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Br J Clin Pharmacol. 2004 Jul; 58(1): 88–95.
PMCID: PMC1884537

Alprazolam is relatively more toxic than other benzodiazepines in overdose



To describe alprazolam poisoning and the relative toxicity of alprazolam compared with other benzodiazepines.


A database of consecutive poisoning admissions to a regional toxicology service was searched to identify consecutive benzodiazepine deliberate self poisonings, which were coded as alprazolam, diazepam or other benzodiazepine. Major outcomes used were length of stay (LOS), intensive care (ICU) admission, coma (GCS < 9), flumazenil administration and requirement for mechanical ventilation. Prescription data were obtained for benzodiazepines for the study period.


There were 2063 single benzodiazepine overdose admissions: 131 alprazolam overdoses, 823 diazepam overdoses and 1109 other benzodiazepine overdoses. The median LOS for alprazolam overdoses was 19 h which was 1.27 (95% CI 1.04, 1.54) times longer compared with other benzodiazepines by multiple linear regression. For patients with alprazolam overdoses, 22% were admitted to ICU which was 2.06 (95% CI 1.27, 3.33) times more likely compared with other benzodiazepines after multivariate analysis adjusting for age, dose, gender, time to ingestion and co-ingested drugs. Flumazenil was administered to 14% of alprazolam patients and 16% were ventilated, which was significantly more than for other benzodiazepine overdoses (8% and 11%, respectively). Twelve percent of alprazolam overdoses had a GCS < 9 compared with 10% for other benzodiazepines. From benzodiazepine prescription data, total alprazolam prescriptions in Australia increased from 0.13 million in 1992 to 0.41 million in 2001. Eighty five percent of prescriptions were for panic disorder, anxiety, depression or mixed anxiety/depression.


Alprazolam was significantly more toxic than other benzodiazepines. The increased prescription of alprazolam to groups with an increased risk of deliberate self poisoning is concerning and needs review.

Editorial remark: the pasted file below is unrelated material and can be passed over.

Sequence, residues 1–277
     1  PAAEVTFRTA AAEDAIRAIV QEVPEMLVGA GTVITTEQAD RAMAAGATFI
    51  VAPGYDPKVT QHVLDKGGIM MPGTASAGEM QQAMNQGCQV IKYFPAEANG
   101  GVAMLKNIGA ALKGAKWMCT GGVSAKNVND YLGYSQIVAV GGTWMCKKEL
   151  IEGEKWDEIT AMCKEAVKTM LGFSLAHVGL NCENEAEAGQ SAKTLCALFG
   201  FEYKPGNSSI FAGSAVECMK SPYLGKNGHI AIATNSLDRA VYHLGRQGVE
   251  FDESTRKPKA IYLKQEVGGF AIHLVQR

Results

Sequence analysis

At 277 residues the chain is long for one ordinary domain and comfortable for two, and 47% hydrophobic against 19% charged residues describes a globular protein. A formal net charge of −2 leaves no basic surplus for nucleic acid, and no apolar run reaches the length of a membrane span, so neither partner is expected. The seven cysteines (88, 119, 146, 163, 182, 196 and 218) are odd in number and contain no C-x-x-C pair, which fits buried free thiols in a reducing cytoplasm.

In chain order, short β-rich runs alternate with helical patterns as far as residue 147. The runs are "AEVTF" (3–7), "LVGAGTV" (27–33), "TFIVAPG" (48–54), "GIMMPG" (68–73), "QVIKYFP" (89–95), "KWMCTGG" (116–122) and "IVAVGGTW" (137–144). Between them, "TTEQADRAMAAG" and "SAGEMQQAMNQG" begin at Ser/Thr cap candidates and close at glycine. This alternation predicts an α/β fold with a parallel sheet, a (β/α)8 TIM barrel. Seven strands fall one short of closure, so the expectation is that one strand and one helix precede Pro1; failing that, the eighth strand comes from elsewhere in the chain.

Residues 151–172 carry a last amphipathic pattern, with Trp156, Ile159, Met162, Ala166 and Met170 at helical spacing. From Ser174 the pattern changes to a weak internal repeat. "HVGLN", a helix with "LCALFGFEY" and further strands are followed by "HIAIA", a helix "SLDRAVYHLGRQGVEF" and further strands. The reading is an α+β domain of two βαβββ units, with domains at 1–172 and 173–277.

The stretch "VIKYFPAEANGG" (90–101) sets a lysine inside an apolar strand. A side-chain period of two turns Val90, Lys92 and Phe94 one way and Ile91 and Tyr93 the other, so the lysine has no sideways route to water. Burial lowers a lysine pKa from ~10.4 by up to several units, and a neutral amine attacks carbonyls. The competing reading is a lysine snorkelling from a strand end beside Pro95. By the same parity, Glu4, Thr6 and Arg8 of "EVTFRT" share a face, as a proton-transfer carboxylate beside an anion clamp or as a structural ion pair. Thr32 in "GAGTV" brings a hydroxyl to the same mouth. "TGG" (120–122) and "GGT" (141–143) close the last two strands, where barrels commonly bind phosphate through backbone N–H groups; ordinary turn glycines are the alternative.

Keywords: alprazolam, benzodiazepines, overdose, toxicity


Alprazolam (Xanax®, Kalma®) is a triazolobenzodiazepine used in panic disorder and other anxiety states [1, 2]. Benzodiazepines are commonly used for deliberate self poisoning and are implicated in approximately one third of cases of deliberate self poisoning [3]. Alprazolam is a newer benzodiazepine that is being used more commonly in overdose. MEDLINE was searched from 1966 to 2002 and no previous series of alprazolam poisonings were found. Fourteen case reports have been published including five reported deaths, two in which alprazolam was ingested alone [410]. This is potentially significant because benzodiazepine overdose is often thought to be benign.

A review of the Annual Reports of the American Association of Poison Control Centers National Data Collection System showed alprazolam was involved in 34 fatal deliberate self poisonings over 10 years 1992–2001 compared with 30 fatal deliberate self poisonings involving diazepam [1120]. This suggests significant alprazolam toxicity if prescribing practices in the United States (US) mirror Australian trends where diazepam is prescribed at 5–10 times the rate of alprazolam. In a British study the fatal toxicity index (deaths per million prescriptions) for alprazolam was 5.9 compared with 4.0 for diazepam [21]. More recently a study from New Zealand showed that the rate of deaths per million prescriptions for alprazolam was 38.1 (10.4–97.5) compared with 5.3 (3.9–7.0) for sedatives/anxiolytics as a group [22]. These data suggest that alprazolam is potentially more toxic in overdose than other benzodiazepines.

We hypothesize that alprazolam causes greater toxicity in overdose compared with other benzodiazepines. We therefore report a series of alprazolam poisonings and compare this with other benzodiazepine poisonings to investigate whether alprazolam is more toxic. In addition we report the prescribing patterns of alprazolam and other benzodiazepines in Australia.


Hunter Area Toxicology Service database

The Hunter Area Toxicology Service is a regional toxicology unit situated at the Newcastle Mater Misericordiae Hospital that services a population of about 350 000 people and is a tertiary referral centre for a further 150 000 [23]. All poisoning presentations to emergency departments in the region are either admitted to the unit or notified to the Hunter Area Toxicology Service and entered prospectively into a clinical database. A validated preformatted admission sheet is used by medical staff to record the history and physical examination at the time of admission [24]. This and additional information from the medical record is entered into the database by two trained personnel, blinded to any study hypotheses, at the time of patient discharge [25]. There was no review or further information retrieved from medical records after formulation of the research question.